Originally published in Bench to Bedside, the CHOP Research monthly publication.
I composed this original article based on interviews with the investigators.
Many parents try to offer their healthy babies a rich sensory environment, full of new sights, sounds, smells, and tastes, to stimulate the developing brain to appreciate life’s delicious complexities to the fullest. And for vision and hearing, there is a solid foundation of research showing that there is a critical period early in life when adequate stimulation of those senses is essential for their healthy development.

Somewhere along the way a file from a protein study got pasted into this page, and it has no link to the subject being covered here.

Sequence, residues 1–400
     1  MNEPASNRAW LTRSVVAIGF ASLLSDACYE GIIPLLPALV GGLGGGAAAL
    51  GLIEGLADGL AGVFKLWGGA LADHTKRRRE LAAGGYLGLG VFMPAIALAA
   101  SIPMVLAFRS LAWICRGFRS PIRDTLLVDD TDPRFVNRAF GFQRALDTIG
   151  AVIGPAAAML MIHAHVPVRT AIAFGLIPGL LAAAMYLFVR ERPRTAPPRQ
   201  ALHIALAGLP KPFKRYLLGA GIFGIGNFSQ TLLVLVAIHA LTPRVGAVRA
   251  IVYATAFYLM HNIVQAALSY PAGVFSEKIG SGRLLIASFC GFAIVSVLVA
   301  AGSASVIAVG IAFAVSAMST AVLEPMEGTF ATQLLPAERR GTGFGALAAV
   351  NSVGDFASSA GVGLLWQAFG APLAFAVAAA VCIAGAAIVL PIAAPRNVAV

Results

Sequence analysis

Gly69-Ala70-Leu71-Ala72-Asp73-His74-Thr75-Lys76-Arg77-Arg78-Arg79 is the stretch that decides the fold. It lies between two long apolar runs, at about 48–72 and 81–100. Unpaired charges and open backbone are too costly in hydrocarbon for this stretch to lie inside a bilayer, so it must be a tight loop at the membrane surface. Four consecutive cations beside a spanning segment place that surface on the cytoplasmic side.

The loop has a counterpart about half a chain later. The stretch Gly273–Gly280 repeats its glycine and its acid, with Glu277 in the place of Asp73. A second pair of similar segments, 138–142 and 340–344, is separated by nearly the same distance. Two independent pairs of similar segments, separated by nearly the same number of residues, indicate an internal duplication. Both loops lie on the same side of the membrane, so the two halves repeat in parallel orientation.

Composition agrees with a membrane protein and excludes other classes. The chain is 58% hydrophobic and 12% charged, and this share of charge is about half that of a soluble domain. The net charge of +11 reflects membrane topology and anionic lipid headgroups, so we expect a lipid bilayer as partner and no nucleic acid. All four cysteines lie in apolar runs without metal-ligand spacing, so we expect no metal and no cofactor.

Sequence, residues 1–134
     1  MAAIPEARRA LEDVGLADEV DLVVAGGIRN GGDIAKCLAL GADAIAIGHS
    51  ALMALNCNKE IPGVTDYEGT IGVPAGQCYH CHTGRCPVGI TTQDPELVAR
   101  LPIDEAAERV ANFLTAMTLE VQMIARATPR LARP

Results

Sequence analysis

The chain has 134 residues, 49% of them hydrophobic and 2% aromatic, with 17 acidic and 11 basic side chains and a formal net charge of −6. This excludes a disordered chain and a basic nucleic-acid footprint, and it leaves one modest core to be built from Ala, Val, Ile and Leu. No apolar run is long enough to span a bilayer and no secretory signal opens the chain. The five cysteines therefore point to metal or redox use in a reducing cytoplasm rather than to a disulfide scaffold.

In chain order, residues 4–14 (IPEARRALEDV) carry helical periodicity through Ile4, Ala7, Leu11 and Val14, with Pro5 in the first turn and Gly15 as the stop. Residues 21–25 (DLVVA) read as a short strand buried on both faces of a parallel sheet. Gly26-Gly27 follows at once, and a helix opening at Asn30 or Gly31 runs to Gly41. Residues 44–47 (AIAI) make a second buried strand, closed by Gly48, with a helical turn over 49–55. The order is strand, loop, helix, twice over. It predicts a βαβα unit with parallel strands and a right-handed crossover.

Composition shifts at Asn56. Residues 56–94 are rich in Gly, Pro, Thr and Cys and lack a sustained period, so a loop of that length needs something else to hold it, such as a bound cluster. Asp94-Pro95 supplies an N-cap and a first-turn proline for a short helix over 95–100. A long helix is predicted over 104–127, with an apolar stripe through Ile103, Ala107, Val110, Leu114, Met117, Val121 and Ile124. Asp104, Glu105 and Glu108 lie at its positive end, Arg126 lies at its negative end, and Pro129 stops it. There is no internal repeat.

Now, a pilot study conducted at The Children’s Hospital of Philadelphia and published in the journal JAMA Otolaryngology provides some of the first-ever evidence for a critical period in developing the sense of smell, or olfaction, too. The findings have particular implications for rehabilitating young patients, including severely premature infants, who receive lifesaving medical interventions that temporarily prevent airflow through the nasal passages during this potentially critical period.